Thanks for your imput.....I like having directions for recovery. I personally call it the ONLY highly suggested directions. SO...
my higher power directed me today to read alot on Grapevine online after going to my 1st yoga class after several months of not. I feel great now, but...I admit...
I don't take as much directions on some days as others. I try though. Progress not perfection, RIGHT?
15 1/2 mth recovering alcoholic here. Now ...
think I'll go follow the brownie mix directions. LOL. Keep it Simple everyone...DON'T DRINK!
hi everone i'm about to do my 4th step and have been told about a list of questions i can answer before i do the step. can anyone shed some light on this as most people i ask in the rooms have heard of them. those who have heard have no idea about where to get them
ive been a member of aa for 7 years 11 months 2weeks and have my first sponser so i want this to be the best time iv'e done the steps
dave thank you
You may be talking about 4th step worksheets and you can find these questions by doing an Internet search for "4th step worksheet." Many different sites offer them.
Ask your sponsor about his recommendation on the worksheets. Some people find them helpful, some do not.
My sponsor had to keep it simple for me and I did not use the worksheets, but followed the outline on pages 64 and 65 of the big book using the instructions there and through the end of that chapter. My sponsor had me do an inventory in the four following areas: 1) Resentments 2) Fears 3) Harm To Others 4) Sex Conduct.
He had me put four columns on the top of a page then make lists for each of the four areas above, beginning with resentments. For example, the columns for resentments were labeled: 1) I'm resentful at 2) the cause 3) it affects my 4) my part in it.
I first listed all my resentments in column one. Then I went down and did column two, then three, then four. I did the same for fears, harm to others, and sex conduct.
Finally, there are many opinions on how to do this and my opinion is just one. You will never do it perfectly. Just do the best you can and be honest and sincere. If you do that, more things may come up later. The fact that you are doing it is huge.
Not sure what folks in your locale are referring to. There were some 4th step "workbooks," for lack of a better description, that probably emanated from a treatment center (perhaps Minnesota's storied facility), that some of those with a couple of decades of sobriety recalled using. I found something similar online. It too obtuse for me, and I probably would have needed a psychologist to explain what the hell it was that was being asked, a regression hypnotist to uncover all the old stuff I really did not remember at the time, and about 3-4 years to uncover and process the rest. I do not personally believe that is what step 4 as outlined in the big book, or the 12 x 12, is all about. The 4 column list outlined in the big book, and the discussion in the 12 x 12 of what "character defects" means as a term of art, was sufficient to allow me to get a handle on my grosser defects and what behavior they elicited, and move on to the 5th step. Uncovering all the rest, including the minutiae, is part of the work of the rest of my lifetime. Happy trails.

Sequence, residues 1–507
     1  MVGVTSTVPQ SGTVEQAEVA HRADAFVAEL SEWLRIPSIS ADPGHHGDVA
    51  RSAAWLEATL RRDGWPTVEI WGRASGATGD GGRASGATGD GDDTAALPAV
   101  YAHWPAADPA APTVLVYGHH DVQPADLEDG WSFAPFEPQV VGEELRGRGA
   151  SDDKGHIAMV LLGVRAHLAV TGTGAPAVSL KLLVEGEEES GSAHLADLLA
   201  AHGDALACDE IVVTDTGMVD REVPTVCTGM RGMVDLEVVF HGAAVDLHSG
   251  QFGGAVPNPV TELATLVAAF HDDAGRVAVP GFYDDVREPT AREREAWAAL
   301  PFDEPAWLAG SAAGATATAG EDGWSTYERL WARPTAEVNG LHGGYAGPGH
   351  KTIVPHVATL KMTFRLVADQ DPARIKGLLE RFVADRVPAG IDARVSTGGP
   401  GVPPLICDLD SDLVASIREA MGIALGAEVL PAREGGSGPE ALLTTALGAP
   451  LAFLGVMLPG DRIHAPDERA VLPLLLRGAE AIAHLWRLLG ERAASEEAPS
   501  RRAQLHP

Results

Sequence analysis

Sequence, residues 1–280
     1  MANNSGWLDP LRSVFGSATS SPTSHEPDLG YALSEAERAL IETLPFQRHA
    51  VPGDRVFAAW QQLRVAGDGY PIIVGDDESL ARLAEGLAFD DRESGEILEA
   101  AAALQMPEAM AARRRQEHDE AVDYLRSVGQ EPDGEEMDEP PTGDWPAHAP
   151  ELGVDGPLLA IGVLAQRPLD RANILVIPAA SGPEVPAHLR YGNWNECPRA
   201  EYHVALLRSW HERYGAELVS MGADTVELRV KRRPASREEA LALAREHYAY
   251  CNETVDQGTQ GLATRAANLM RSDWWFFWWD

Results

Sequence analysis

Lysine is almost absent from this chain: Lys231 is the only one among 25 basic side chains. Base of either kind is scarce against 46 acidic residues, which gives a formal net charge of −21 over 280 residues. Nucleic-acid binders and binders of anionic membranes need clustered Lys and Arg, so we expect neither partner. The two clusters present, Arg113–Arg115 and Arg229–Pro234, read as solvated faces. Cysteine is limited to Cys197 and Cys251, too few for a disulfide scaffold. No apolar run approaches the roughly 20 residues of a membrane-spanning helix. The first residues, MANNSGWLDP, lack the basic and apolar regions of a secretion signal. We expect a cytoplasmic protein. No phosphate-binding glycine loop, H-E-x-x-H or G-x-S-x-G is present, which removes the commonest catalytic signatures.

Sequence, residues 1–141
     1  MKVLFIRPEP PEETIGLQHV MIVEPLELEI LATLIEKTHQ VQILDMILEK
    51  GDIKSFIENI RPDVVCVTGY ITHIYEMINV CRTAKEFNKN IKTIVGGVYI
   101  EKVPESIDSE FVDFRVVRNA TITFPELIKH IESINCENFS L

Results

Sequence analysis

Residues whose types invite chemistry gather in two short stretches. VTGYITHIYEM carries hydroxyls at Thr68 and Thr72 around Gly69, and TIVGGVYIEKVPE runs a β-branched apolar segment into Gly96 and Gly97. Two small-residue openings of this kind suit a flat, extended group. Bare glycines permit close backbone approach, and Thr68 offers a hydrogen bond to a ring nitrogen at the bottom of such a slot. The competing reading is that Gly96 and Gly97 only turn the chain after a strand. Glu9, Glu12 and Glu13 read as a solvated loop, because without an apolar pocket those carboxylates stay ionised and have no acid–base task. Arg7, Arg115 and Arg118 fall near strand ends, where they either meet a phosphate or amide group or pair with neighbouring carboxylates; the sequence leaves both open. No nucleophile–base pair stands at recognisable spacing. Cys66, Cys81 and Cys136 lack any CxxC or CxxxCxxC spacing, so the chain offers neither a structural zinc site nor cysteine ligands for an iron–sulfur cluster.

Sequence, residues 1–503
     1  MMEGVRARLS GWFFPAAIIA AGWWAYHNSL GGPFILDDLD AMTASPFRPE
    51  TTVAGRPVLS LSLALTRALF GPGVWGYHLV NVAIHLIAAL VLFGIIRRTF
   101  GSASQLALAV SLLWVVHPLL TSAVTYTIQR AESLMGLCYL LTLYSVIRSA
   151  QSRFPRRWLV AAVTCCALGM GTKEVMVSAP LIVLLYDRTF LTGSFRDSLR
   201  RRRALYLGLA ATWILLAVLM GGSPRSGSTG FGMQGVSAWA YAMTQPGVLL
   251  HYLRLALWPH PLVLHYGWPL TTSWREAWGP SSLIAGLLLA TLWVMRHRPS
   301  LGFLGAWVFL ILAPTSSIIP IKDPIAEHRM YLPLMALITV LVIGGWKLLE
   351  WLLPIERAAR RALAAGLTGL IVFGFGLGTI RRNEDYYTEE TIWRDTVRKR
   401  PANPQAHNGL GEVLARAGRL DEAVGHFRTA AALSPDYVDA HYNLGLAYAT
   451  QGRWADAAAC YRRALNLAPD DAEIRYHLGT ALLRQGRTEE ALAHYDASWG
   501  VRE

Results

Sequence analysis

The questions you need are around page 50 in the 12&12 book.
There are about thirty questions in all. Bill W. tells us
exactly how to take a personal inventory. There are some
tough questions. Some may not apply to you but many ought
to be answered honestly and throughly. If you are going to
do the step, you may as well do it as outlined by our
cofounder. I hold the opinion that the steps are done
because we choose to do them; not to appease or satisfy
a "sponsor". Manny Q.
the format I use is on pages 64-71 in the basic text for AA, the book Alcoholics Anonymous. I would start with that, and if your sponsor is not familiar with the 4th step as outlined in our book alcoholics anonymous, find one that is. This is only my opinion, if you are in AA and are willing to work the steps of AA, wouldn't you want to do them as outlined in the AA book? I know I do.
good luck to you in your sobriety.
Don't beat yourself up over slips; they are simply data- taking episodes to prove Step One. My very best got me to the doors of AA.
I like Dr. Phil's question to someone going-it-alone: "How's that working out for you?"